Building on Tradition is a special section that will publish in the Enid News & Eagle for eight Sundays in February, March and April 2019. The section is designed to feature individuals, businesses and organizations in Enid and Northwest Oklahoma that work every day for the betterment of the region and its residents. This section, which published April 14, 2019, focuses on Community Service in Enid and the area.
Other sections include:
Kip Miles has been a quiet force in the community through volunteer work with Enid AM AMBUCS, doing everything from providing flags to honor veterans and providing AmTrykes for more than 500 handicapped children to establishing a children’s playground at Meadowlake Park and leading the Summerfest celebration from 1986-1992.
Each spring more than 200 athletes and volunteers with Special Olympics Oklahoma converge on Vance Air Force Base for one of Enid’s largest joint military-community public service efforts of the year.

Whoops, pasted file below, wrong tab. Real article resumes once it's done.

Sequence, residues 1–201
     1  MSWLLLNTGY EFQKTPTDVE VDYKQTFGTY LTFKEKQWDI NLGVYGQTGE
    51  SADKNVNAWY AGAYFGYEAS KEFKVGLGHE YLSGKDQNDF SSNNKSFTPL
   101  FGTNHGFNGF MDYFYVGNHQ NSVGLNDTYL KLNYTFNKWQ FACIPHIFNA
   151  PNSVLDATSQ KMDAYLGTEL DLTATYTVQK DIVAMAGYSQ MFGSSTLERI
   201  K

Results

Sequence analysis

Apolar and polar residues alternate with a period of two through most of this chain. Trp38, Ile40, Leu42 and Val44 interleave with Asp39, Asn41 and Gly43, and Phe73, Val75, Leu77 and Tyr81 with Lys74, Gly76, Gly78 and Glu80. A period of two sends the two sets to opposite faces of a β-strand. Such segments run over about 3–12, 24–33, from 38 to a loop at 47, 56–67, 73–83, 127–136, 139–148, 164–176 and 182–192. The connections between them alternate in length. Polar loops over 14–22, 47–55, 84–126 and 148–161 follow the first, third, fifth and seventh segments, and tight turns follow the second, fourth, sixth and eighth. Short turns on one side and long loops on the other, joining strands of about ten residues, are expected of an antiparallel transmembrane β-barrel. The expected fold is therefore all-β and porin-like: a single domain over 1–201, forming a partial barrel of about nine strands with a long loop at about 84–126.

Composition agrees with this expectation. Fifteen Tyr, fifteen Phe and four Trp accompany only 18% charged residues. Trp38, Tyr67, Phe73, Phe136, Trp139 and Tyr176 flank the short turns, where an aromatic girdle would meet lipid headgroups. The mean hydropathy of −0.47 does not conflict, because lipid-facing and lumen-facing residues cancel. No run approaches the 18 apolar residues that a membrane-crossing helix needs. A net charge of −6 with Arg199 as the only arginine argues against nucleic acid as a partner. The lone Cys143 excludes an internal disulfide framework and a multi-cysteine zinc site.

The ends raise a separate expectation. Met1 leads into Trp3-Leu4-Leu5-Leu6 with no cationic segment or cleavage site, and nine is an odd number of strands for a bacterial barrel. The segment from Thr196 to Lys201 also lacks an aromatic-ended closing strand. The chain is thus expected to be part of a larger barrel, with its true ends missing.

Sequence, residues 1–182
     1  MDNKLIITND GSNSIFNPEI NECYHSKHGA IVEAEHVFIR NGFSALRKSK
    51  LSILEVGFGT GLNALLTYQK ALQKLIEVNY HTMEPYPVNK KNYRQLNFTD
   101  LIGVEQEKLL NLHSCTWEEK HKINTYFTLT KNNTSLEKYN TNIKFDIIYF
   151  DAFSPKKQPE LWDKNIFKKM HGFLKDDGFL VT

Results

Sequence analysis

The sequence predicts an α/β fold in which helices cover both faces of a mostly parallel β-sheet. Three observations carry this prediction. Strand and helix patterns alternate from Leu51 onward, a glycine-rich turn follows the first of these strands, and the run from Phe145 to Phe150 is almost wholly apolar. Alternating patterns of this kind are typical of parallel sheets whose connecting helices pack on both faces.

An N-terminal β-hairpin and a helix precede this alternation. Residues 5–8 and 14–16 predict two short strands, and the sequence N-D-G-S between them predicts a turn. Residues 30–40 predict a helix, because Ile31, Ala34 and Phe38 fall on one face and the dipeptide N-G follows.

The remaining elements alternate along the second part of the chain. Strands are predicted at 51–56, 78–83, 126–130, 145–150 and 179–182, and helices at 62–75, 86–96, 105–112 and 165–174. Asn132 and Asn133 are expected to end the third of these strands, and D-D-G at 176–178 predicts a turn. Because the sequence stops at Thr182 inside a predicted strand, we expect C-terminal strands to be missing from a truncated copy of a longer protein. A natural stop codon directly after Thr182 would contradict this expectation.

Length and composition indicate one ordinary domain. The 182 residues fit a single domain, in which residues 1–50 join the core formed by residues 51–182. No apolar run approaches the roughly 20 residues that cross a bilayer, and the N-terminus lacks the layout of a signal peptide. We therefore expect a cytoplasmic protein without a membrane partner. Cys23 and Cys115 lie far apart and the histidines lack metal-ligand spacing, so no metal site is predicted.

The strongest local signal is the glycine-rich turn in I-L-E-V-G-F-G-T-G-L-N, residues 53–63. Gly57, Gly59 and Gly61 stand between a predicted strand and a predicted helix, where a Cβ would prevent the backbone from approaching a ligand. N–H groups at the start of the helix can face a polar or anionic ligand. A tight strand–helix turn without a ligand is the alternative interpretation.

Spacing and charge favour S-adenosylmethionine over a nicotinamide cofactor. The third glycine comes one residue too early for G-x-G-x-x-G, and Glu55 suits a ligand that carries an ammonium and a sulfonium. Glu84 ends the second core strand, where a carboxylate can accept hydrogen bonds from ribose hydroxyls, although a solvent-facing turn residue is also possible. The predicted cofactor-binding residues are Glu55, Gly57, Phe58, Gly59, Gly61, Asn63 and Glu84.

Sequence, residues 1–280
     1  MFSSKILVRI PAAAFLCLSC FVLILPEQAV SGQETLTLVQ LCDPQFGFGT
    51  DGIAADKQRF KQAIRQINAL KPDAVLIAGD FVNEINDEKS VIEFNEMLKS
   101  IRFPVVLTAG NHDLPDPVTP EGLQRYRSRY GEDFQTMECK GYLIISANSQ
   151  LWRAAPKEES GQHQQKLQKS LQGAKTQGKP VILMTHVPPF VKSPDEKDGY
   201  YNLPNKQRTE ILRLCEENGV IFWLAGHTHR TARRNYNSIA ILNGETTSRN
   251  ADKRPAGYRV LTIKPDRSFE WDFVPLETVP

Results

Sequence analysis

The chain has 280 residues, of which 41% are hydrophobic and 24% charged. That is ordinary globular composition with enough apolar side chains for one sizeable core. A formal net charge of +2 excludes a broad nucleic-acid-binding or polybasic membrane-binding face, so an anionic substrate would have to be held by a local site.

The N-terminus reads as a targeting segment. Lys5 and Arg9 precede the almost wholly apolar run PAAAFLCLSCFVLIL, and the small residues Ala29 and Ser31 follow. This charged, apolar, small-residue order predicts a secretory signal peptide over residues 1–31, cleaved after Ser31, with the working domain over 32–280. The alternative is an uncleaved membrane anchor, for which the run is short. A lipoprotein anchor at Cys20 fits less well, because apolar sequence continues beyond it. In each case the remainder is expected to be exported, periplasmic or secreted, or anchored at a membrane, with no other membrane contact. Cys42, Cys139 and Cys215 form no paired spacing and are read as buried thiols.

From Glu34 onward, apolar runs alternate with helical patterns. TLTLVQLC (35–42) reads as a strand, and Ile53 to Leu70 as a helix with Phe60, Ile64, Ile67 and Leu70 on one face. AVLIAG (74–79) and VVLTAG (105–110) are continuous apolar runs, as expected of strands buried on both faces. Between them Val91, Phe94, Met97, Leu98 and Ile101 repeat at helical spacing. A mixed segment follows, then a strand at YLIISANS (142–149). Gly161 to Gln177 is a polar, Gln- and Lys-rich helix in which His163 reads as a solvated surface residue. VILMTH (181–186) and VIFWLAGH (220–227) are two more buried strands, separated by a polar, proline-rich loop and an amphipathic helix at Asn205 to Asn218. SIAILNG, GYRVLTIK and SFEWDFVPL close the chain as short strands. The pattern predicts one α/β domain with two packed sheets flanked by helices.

A year ago, Community Development Support Association began to offer testing for developmental delays in infants and toddlers and has conducted 500 screenings since.
“Our motto is ‘Doing the most good,’ and from the outside looking in we don’t want someone to take that the wrong way. That is our promise to our donors and volunteers, that we are going to do the most good we can with it. It’s just our promise.” — Salvation Army of Enid’s corps assistant Victor Estudiante
"We've served over 6,500 households across Enid and in the surrounding communities. Nearly 2,000 of them have come for assistance one time. We're serving a lot of folks who just a need little help here or there. It's a far smaller number for people that come every single month." — Katy Long, assistant director
"It’s just nice to have a place to come and visit with people, and I’d like to see more people come and enjoy it." — Lydia Wideman, retired nurse, RSVP Senior Social Center patron
Matthew Lohman, CEO of Hope Outreach Ministries, said the program has had a solid success rate of helping people overcome homelessness or financial struggles over the years and has been where some of their current employees made their start.
"We have really opened the world for so many people. You can obviously see that with hearing, with people who haven’t been able to hear before. There have been so many studies where people feel so isolated, and there’s a certain level of depression, if you can’t hear what’s going on." — director Carmen Ball
“We definitely need a creative, innovative community leader who will be present at Enid events. We want someone who knows the city and will be a positive face for Park Avenue Thrift.” — Dr. Steven Mackie, vice-chairman of the board